Workers at the Elicabe refinery in Bahía Blanca, Argentina occupied the facility and blocked movement following the firing of 200 of their coworkers on July 5. Management had cited the “mismatch” between production costs and the price of fuel as the rationale for the planned dismissals, which had 500 employees before the sackings.

The refinery, which began operations in the early 20th century, was acquired by Petrobras in the 1990s, and has gone through ownership changes and restructuring in recent years, the most recent being the purchase of the oil refinery, along with over 250 service stations, a lubricants plant and fuel storage terminal from then-owner Pampa Energia SA by commodities trader Trafigura on June 11. The refinery workers, members of the Petroleum, Gas and Biocombustibles Union, fear that the refinery could become a storage facility, resulting in a two-thirds cut in personnel.

The United States

Chicago window washers strike

Window washers who clean downtown Chicago’s high-rise buildings walked out July 2 demanding higher wages and improved benefits. The 260 members of Service Employees International Union (SEIU) Local 1 struck after their three-year contract expired June 30 and no new agreement was in place.

Past wages for window washers ranged from $12 to $20.50 an hour. The SEIU is negotiating for an increase that will hike wages to $16-25 an hour.

The SEIU is also calling for increased health care coverage and a removal of a cap that limits companies having to contribute more than 60 percent of the cost. The union also opposes the demand by companies for a five-year contract.

Washington D.C. transit workers carry out job action

Management of Washington, D.C.’s Metrobus and Metrorail charged workers with an “unauthorized labor action” July 4 that caused delays and forced managers and supervisors to attempt to fill the gap.

Workers throughout the system reported late to work. According to management: 25 percent of bus operators, 16 percent of train operators, 25 percent of station managers, and 30 percent of railcar mechanics were tardy.

While the issues are not clear, over the past two weeks, Amalgamated Transit Union (ATU) Local 689 had been complaining about the possibility that Metro would contract out some custodial jobs.

California nursing home workers protest slow pace of contract talks

About 50 workers picketed outside the Windsor Care Center in Redding, California, to protest the slow pace of contract talks over the past year as they seek their first contract. The Service Employees International Union, which represents 80 nurses, housekeepers, food service and dietary aides, is negotiating over wages, benefits and staffing levels.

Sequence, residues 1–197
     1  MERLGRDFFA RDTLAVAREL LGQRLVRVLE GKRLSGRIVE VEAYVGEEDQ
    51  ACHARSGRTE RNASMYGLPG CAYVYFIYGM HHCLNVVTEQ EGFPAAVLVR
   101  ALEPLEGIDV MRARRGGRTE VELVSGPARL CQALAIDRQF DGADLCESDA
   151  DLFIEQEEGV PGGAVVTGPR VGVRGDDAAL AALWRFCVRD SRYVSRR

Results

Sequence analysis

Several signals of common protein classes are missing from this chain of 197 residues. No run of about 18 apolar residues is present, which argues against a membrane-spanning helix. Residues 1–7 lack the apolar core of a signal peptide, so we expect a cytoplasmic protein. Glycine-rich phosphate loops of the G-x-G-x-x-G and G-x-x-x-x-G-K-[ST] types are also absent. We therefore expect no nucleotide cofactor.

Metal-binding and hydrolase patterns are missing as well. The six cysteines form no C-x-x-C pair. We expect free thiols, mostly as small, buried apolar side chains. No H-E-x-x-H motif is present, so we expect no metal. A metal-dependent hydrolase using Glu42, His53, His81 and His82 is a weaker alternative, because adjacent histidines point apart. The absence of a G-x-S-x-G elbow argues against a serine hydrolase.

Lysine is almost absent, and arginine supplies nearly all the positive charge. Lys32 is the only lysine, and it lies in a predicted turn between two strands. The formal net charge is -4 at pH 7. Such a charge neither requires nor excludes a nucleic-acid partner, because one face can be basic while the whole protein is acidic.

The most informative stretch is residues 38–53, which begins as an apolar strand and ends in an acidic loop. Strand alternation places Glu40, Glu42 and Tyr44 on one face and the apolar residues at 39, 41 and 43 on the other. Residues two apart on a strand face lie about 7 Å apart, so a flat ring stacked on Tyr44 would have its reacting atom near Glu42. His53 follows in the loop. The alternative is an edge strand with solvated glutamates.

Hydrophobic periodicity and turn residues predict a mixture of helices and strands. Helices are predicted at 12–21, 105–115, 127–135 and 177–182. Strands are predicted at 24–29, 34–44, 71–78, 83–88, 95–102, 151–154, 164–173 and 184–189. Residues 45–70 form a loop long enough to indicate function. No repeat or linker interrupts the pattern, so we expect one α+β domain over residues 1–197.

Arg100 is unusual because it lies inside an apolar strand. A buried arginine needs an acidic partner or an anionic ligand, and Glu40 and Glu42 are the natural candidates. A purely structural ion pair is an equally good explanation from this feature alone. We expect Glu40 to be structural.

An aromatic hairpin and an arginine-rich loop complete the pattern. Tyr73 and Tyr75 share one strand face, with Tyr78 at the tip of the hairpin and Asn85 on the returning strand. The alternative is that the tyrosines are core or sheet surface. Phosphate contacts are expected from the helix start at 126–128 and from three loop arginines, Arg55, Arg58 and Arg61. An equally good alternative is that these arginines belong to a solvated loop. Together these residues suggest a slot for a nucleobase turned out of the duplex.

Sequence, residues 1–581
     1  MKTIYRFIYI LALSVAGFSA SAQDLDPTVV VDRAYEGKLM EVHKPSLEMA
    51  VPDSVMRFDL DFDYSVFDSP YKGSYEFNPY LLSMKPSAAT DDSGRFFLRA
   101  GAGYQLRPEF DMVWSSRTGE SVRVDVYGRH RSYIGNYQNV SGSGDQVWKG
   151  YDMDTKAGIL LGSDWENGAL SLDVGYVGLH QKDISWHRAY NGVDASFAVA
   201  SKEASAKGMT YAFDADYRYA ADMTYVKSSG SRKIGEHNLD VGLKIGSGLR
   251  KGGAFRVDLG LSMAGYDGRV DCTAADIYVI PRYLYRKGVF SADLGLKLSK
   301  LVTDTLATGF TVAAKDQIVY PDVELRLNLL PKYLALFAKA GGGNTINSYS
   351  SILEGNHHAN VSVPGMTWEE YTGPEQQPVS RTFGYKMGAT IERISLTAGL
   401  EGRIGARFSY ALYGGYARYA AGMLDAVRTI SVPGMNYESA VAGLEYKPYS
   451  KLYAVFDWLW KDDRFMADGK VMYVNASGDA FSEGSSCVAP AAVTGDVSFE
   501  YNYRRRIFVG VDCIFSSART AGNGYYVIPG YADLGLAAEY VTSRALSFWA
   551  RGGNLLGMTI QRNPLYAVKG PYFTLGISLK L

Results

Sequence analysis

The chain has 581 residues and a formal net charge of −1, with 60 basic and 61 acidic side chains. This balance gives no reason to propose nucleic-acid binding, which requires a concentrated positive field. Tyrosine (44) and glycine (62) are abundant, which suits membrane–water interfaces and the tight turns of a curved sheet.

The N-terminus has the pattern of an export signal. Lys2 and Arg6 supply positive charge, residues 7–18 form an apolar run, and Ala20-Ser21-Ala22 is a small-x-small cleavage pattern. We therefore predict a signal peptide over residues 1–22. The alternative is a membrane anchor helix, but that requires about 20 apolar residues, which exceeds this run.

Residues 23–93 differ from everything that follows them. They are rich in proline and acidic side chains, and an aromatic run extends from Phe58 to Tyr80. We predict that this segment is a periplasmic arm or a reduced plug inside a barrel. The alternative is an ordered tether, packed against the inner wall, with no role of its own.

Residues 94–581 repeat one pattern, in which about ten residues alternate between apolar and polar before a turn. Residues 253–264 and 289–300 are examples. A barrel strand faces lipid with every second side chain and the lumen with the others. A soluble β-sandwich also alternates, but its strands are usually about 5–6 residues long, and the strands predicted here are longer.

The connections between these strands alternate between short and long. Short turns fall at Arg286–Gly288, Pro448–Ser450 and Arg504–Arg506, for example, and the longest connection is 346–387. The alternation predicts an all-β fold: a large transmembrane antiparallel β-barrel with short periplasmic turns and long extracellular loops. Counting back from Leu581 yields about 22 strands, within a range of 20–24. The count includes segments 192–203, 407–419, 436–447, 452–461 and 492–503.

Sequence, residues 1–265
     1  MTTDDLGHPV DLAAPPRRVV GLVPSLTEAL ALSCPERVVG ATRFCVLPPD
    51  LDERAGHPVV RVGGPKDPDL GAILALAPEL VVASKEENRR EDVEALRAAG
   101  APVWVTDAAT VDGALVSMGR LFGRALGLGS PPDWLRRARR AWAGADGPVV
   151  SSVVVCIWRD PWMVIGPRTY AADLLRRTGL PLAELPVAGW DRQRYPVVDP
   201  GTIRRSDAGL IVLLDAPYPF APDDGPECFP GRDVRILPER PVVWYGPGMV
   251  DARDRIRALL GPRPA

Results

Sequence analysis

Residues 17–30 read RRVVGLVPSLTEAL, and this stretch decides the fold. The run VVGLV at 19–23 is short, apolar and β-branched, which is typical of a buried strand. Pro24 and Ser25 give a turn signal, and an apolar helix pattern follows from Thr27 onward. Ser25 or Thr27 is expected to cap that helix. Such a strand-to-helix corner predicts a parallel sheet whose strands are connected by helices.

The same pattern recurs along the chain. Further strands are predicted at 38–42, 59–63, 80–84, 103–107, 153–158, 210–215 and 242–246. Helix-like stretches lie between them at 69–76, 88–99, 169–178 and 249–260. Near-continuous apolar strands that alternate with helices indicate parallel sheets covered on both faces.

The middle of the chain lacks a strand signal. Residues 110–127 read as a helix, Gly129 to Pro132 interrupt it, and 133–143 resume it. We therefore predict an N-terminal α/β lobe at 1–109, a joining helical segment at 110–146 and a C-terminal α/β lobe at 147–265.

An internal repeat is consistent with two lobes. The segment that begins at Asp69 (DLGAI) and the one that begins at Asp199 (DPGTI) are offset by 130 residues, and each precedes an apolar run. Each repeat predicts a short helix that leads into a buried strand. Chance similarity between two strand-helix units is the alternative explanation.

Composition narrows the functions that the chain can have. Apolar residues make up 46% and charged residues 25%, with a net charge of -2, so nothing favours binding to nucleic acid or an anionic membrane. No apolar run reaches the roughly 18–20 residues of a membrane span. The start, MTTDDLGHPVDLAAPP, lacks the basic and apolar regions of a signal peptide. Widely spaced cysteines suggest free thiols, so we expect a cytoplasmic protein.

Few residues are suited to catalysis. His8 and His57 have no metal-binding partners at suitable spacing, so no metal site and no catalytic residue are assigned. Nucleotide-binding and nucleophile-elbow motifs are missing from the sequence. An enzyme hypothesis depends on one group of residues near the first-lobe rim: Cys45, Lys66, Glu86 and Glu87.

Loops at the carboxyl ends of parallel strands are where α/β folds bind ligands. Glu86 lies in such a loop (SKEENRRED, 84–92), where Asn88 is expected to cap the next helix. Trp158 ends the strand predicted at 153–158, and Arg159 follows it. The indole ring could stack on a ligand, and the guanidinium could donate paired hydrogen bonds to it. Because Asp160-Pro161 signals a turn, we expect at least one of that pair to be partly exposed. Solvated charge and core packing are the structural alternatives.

California recently passed a new state law that specifies more hours of direct care to patients in a skilled nursing facility. According to the SEIU, Windsor Care is seeking to meet the requirements without expanding the workforce.

Workers in food service are paid a mere 50 cents above California’s minimum wage

Canada

Ontario salt-mine strikers blockade mine entry

Striking workers at Compass Minerals’ salt mine in Goderich, Ontario on the shores of Lake Huron set up a blockade on the access road to the mine last week to prevent replacement workers from entering.

The 370 strikers, who include miners, production staff and electricians, have been off the job since the end of April when negotiations broke down over job security, benefits, pensions and the company demand to extend work shifts to 12 hours with mandatory overtime. The company has been using scab replacements since the outset of the strike, even reportedly flying some in from New Brunswick, and has said it is “in the process of undertaking enforcement measures” to end what they say is an illegal blockade.

The underground salt-mine in Goderich is the largest in the world and US-based Compass Minerals is the largest salt producer in North America and one of the largest producers of its kind in the Western Hemisphere.

BC casino strikers reject union brokered deal

The two-month long strike by 400 workers at Hard Rock Casinos in Coquitlam, British Columbia will continue at least another week after they narrowly voted last week to reject a deal accepted by their union, the B.C. Government Employees Union (BCGEU).

According to union negotiators, one of the obstacles to acceptance of the deal is the elimination of poker and craps tables that offer some of the highest paying jobs, but which they argue are not affected by the terms of the contract. At the same time, they acknowledge that many of the workers in this first contract dispute have not had a pay raise in 10 years.

The strike at Hard Rock Casinos takes place alongside the strike by 700 other casino workers on the BC lower mainland at four Gateway Casinos that began last week.